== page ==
BY MAGGIE WOODS
Around the state and across the region, North Carolinians are having increasing trouble talking — and listening — to each other. That’s making it hard for us to get things done in our communities. And people want to find ways to fix that.
That is what I’ve been hearing over the past several weeks, as my colleagues and I from N.C. State University’s Institute for Emerging Issues have held “community conversations” across Western North Carolina. From Buncombe to Clay to Wilkes counties — in coffee shops and at colleges — we’ve met with 80-some people to get their ideas about why it is so hard to connect to each other and how we can do better.
The conversations are part of our preparation for a forum we’ll be having in Asheville on Nov. 27 (rescheduled from an earlier date due to Hurricane Florence) called ReCONNECT to Community, where we’ll be focusing on how — and why — North Carolinians can get more involved in community life.
There are plenty of challenges we’ve heard as we have met with people across the region. “People don’t have time to get involved,” said some people. “People don’t know how to get involved,” said others. Some people lack transportation to participate. Others say negative reports in the media discourage them from participating. Some people reported that they didn’t feel their ideas or concerns were listened to.
North Carolina is not unique in facing these challenges. Nationally, only 31 percent of people agree that “most people can be trusted.” The percentage of North Carolinians who volunteer, 26 percent, is about average nationally, as is our 8 percent rate of people reporting that they have worked with their neighbor to address a community challenge.
At its core, civic engagement is about connection, specifically connecting to one’s community, not just through local government participation but volunteer work, faith community work and really any type of activity that helps you know your neighbor. This leads to community trust and cooperation, which creates a solid foundation to build economic growth.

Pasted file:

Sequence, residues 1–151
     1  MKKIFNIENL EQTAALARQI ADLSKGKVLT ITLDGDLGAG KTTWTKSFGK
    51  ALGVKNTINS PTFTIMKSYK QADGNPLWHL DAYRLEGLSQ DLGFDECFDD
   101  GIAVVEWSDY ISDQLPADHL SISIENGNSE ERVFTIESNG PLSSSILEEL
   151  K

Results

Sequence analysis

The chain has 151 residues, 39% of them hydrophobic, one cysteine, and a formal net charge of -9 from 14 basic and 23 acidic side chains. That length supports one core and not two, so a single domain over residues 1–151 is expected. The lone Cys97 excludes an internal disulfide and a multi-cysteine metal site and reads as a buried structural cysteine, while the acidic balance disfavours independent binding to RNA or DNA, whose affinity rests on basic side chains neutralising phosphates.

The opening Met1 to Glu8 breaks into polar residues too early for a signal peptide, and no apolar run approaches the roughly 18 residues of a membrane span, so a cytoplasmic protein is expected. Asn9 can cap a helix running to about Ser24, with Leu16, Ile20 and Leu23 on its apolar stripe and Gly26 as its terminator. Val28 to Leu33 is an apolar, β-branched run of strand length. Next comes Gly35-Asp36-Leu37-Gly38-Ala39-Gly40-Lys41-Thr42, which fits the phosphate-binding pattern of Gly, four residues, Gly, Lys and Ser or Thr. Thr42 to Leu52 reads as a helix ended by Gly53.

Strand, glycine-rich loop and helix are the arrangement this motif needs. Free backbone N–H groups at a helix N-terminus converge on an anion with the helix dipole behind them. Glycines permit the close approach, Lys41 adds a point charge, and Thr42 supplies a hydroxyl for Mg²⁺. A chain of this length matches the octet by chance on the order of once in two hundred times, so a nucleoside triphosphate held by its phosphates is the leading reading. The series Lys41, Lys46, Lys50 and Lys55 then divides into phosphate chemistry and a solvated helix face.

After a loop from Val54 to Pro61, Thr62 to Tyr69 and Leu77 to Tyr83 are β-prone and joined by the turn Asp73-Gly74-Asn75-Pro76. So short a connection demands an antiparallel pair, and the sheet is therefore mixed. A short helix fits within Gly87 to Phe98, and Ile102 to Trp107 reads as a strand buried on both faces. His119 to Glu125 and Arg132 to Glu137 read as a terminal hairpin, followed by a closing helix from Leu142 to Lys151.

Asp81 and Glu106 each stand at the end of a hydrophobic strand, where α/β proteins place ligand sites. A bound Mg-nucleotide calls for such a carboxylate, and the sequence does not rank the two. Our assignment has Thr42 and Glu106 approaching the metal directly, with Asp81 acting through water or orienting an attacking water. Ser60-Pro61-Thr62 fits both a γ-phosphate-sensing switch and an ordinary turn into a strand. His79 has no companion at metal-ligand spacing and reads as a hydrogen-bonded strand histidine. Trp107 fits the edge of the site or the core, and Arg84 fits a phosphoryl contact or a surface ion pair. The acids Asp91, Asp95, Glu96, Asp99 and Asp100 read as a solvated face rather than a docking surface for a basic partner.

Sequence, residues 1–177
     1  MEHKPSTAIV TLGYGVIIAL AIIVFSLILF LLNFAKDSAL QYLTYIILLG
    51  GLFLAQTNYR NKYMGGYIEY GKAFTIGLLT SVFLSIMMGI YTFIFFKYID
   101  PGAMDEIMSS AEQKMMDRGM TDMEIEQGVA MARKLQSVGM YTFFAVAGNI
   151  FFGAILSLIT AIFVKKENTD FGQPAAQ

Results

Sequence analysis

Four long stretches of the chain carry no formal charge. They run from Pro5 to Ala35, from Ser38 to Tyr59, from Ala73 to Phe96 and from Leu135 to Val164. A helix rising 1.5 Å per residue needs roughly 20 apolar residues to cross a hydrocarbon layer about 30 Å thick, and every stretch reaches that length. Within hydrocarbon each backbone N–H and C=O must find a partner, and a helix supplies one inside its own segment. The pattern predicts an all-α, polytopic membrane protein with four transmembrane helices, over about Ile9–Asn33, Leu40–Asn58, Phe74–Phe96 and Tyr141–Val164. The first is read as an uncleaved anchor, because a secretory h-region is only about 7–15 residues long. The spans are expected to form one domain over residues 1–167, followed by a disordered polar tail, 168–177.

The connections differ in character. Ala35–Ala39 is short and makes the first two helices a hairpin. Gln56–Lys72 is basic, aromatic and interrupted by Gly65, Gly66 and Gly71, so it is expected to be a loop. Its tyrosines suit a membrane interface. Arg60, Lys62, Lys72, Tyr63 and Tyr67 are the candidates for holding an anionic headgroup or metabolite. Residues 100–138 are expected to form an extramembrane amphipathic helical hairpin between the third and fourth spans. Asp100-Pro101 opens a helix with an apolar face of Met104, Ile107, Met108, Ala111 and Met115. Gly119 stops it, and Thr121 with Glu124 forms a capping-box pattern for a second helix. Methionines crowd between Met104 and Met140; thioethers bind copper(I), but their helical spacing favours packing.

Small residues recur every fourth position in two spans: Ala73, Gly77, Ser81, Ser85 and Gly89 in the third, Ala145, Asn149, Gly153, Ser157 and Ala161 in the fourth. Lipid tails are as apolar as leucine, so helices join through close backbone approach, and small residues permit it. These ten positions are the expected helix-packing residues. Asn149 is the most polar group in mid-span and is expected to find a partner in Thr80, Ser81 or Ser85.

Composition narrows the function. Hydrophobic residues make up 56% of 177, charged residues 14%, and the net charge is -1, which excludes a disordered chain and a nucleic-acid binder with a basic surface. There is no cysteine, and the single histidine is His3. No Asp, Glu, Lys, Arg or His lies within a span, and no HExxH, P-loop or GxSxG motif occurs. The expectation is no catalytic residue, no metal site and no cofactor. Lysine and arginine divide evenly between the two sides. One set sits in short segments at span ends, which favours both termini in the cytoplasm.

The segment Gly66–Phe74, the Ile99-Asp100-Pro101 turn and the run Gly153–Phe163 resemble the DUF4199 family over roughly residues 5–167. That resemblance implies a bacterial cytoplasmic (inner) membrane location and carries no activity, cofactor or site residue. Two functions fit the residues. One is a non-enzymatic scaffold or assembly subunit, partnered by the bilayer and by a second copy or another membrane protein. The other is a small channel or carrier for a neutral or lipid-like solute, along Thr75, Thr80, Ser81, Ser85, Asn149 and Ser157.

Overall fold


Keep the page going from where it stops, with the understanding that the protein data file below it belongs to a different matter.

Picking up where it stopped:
However, simply knowing your neighbor can seem harder than ever in the 21st century, when it can feel like anonymity and apathy — fueled by stressful jobs and beneficial but sometimes isolating technology — rule in communities where at one time everyone knew everyone.
But none of that means people don’t want to do more together. As we talked with people in community forums, we heard about places and events that are bringing people together, from public libraries to town commons to Friday night football games, and people wondered whether we could do more to build off those gathering places. We heard about how communities can come together in times of crisis, and how many people wish they could find the same common cause when the crisis is over.
At our Nov. 27 ReCONNECT to Community forum, we’ll be sharing what we’ve learned through those conversations and adding in lessons from across the nation and the state. New York Times columnist David Brooks and others will share national success stories. Tru Pettigrew, an African-American community leader, and Cary Police Chief Tony Godwin will talk about how they are bringing together people across their city to address police-community tension.
We’ll bring together people who’ve learned to talk to each other on contentious environmental, economic and education issues. We’ll take a close look at how Asheville City Schools is rallying parents to address racial achievement gaps, plus highlight four other communities that are bringing together new groups of citizens to work together on the big challenges they face.
It’s important work. As one of the participants in our Wilkes County conversation noted, “You have to have love and passion and pride in your community before you can be civically engaged . . . Our county has so much potential, but we need to work together to reach that potential.” It’s time to get started. We need your advice.
Although registration for the Asheville forum has closed, some slots may still be available. Please contact Davina Thrash at firstname.lastname@example.org if you’re interested in attending. You can also find more information at ReCONNECTNC.org.
Maggie Woods is a policy and program manager at IEI. She is also serving as the ReCONNECT to Community forum’s lead organizer.